Entries linking to hairdresser
Old English hær "hair, a hair," from Proto-Germanic *hēran (source also of Old Saxon, Old Norse, Old High German har, Old Frisian her, Dutch and German haar "hair"), perhaps from PIE *ghers- "to stand out, to bristle, rise to a point" (source also of Lithuanian šerys "bristle;" see horror).
Spelling influenced by Old Norse har and Old English haire "haircloth," from Old French haire, from Frankish *harja or some other Germanic source (see above). Hair-dye is from 1803. To let one's hair down "become familiar" is first recorded 1850. Homeopathic phrase hair of the dog (that bit you), remedy from the same thing that caused the malady, especially a drink on the morning after a debauch, 1540s in English, is in Pliny.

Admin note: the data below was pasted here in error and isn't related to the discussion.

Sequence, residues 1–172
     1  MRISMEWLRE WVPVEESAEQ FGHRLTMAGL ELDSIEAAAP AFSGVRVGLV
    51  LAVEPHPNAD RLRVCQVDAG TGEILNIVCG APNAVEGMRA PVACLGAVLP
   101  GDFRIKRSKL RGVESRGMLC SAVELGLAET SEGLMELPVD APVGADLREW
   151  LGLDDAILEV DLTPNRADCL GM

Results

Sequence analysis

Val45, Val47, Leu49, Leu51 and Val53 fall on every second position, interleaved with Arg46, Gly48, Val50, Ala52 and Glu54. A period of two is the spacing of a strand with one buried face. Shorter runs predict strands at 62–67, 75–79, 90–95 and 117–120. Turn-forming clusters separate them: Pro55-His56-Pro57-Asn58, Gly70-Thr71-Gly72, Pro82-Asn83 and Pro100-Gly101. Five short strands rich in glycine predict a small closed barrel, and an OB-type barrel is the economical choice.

c. 1300, "person who prepares or furnishes (something)," agent noun from dress (v.). Meaning "table, sideboard" (on which food is prepared) is from late 14c., from Old French dresseur, dreçoir "table to prepare food," from dresser "prepare, dress." Sense of "one who is employed in clothing or adorning others" is from 1510s. Meaning "chest, dressing bureau" is by 1895.
updated on May 09, 2015